The trend of political leaders in Odisha frequently switching parties reflects a concerning erosion of ideological integrity and a prioritization of electoral calculations over democratic principles. In this scenario, democracy appears to have devolved into an ideology-free zone, where the pursuit of power trumps the adherence to core values and beliefs. The cynical view of citizens as mere numbers in a vote box, rather than as active participants in the democratic process, is a troubling reflection of this trend.

When electoral victory becomes detached from principles and values, democracy itself is diminished, and the trust between citizens and political leaders is eroded. In a healthy democracy, citizens are empowered to make informed political decisions based on the principles and policies espoused by political parties. However, when leaders prioritise party politics over the interests of the electorate, they undermine the very foundation of democratic governance. The constant shifting of political allegiances not only breeds cynicism among voters but also weakens the accountability mechanisms that are essential for a functioning democracy.

Without a clear commitment to principles and values, political leaders may prioritize short-term gains over long-term development, leading to a cycle of instability and disillusionment among the populace. To address this challenge, there is a need for an alternative politics with renewed focus on restoring trust and accountability within Odisha’s political landscape. Political leaders must demonstrate a genuine commitment to democratic principles, transparency, and ethical conduct. Additionally, citizens must actively engage in holding their representatives accountable and demand integrity and consistency in political leadership. Ultimately, a robust democracy depends on the active participation and vigilance of its citizens, as well as the principled leadership of elected officials. By upholding democratic values and rejecting opportunistic politics, Odisha can reclaim its identity as a beacon of democratic governance and ensure that the voices of its citizens are heard and respected.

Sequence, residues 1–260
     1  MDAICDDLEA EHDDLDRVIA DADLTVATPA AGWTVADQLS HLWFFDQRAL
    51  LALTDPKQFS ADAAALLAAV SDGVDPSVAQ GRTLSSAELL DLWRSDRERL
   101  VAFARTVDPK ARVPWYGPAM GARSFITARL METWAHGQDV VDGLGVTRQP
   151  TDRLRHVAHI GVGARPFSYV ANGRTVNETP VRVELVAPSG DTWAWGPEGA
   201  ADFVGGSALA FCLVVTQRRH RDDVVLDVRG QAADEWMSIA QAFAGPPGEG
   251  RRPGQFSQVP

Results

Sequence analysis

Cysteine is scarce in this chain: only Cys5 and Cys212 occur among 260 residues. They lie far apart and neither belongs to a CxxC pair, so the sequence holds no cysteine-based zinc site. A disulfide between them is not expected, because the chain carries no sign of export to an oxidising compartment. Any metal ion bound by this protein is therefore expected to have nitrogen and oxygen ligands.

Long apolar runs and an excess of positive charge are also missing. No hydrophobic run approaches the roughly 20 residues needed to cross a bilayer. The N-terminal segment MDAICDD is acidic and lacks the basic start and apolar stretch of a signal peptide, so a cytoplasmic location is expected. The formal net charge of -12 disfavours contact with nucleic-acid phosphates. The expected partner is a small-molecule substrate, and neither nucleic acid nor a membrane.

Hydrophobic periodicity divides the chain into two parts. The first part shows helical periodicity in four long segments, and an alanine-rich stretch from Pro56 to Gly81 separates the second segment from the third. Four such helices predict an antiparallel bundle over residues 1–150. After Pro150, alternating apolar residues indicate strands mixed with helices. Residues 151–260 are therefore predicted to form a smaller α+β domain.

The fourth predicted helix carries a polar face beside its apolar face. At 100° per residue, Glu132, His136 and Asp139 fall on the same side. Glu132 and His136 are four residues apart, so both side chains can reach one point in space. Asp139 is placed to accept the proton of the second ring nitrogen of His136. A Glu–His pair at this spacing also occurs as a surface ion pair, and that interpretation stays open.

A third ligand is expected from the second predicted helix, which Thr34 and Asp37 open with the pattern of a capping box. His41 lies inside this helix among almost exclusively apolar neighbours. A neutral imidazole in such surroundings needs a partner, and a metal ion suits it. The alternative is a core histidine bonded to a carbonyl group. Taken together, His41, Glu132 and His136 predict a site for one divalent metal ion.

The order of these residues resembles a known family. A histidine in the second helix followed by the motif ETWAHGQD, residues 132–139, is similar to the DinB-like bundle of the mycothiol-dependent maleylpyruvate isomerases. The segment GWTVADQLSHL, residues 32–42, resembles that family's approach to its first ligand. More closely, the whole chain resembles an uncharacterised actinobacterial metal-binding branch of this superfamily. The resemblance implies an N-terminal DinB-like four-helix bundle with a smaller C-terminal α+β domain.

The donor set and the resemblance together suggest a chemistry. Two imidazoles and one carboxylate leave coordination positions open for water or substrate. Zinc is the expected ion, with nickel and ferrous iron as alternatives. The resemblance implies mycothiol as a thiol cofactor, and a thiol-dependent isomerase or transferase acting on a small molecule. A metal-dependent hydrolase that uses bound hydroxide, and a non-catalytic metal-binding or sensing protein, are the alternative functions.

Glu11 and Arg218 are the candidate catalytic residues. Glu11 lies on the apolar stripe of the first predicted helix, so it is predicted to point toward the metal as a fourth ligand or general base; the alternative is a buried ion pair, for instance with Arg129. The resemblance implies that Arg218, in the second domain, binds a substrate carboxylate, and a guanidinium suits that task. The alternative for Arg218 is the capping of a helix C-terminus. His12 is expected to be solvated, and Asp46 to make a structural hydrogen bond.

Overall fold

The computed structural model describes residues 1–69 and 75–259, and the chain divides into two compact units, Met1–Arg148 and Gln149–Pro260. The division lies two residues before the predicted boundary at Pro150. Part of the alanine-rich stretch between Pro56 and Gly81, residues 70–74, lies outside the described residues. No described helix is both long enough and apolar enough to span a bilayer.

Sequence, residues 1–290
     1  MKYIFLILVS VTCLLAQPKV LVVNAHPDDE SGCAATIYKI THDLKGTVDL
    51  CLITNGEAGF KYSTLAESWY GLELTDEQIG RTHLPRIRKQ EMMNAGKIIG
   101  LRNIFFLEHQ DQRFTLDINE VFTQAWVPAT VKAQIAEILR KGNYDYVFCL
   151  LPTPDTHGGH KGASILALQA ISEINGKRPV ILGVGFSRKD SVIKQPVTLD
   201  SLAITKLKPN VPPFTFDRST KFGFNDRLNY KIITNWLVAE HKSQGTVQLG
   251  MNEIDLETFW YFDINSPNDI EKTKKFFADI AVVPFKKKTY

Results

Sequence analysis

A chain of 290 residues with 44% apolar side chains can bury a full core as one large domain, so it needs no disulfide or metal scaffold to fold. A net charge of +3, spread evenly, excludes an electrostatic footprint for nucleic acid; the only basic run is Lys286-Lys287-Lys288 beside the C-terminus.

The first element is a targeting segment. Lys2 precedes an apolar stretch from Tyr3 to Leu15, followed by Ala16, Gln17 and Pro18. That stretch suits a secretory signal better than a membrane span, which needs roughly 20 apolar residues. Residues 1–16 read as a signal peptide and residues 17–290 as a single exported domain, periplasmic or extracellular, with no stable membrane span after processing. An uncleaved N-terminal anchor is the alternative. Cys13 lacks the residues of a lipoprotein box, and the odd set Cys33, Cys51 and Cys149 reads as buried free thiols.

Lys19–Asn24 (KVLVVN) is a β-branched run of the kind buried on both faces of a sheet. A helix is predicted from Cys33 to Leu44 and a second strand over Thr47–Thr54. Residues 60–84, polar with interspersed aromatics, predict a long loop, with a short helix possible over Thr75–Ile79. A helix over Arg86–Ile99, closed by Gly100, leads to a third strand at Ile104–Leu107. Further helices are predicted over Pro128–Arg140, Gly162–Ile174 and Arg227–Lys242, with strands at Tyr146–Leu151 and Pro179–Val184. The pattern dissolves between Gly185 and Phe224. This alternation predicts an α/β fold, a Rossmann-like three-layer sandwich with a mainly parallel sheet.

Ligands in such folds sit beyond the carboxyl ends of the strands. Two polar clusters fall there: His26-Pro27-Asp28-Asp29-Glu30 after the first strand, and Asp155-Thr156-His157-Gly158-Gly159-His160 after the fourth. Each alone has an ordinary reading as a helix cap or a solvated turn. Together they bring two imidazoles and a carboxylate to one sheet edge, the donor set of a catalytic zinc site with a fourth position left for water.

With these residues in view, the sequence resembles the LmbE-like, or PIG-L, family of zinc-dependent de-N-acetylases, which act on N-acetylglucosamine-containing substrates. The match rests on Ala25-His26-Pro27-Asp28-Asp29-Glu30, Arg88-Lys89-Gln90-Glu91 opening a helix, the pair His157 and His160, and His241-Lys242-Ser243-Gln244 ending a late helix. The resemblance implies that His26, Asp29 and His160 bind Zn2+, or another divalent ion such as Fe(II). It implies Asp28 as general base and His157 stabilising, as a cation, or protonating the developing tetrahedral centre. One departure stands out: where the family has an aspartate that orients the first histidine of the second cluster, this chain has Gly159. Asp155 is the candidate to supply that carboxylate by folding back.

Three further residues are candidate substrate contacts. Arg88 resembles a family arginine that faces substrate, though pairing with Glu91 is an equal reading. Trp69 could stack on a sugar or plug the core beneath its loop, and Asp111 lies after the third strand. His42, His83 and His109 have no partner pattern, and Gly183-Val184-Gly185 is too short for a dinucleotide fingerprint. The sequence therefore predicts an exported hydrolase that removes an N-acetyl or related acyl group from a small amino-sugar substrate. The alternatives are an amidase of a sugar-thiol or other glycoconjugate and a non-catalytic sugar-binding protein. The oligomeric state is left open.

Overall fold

The trajectory of Odisha’s democracy reflects a dynamic interplay of historical legacies of feudalism, contemporary realities of market led society, and shifting power dynamics between higher caste and class leadership shaped by rising Hindutva politics. From the early years of statehood to the present day, political parties have played a crucial role in shaping governance and policy frameworks. The dominance of regional parties like the Biju Janata Dal (BJD) has redefined the contours of Odisha’s political landscape, propagating the so-called indigenous leadership and grassroots empowerment. It is neither indigenous nor grassroot politics. It is purely feudal politics based on family legacies and opposition parties are no different from ruling parties.

Odisha’s democracy, in its search for identity, epitomises resilience, adaptability, and a commitment to inclusive development. As the state grapples with contemporary challenges and navigates the complexities of governance, it remains anchored in its rich cultural heritage and ethos of participatory democracy. By embracing innovation, fostering social cohesion, and prioritising sustainable development, Odisha is poised to carve a distinct identity within Indian democracy, embodying the spirit of resilience and evolution. However, the time is crucial if democracy in the state wishes to survive and remain vibrant.

When will the people of Odisha rise and reclaim their democracy from the few?

Bhabani Shankar Nayak, University of Glasgow, UK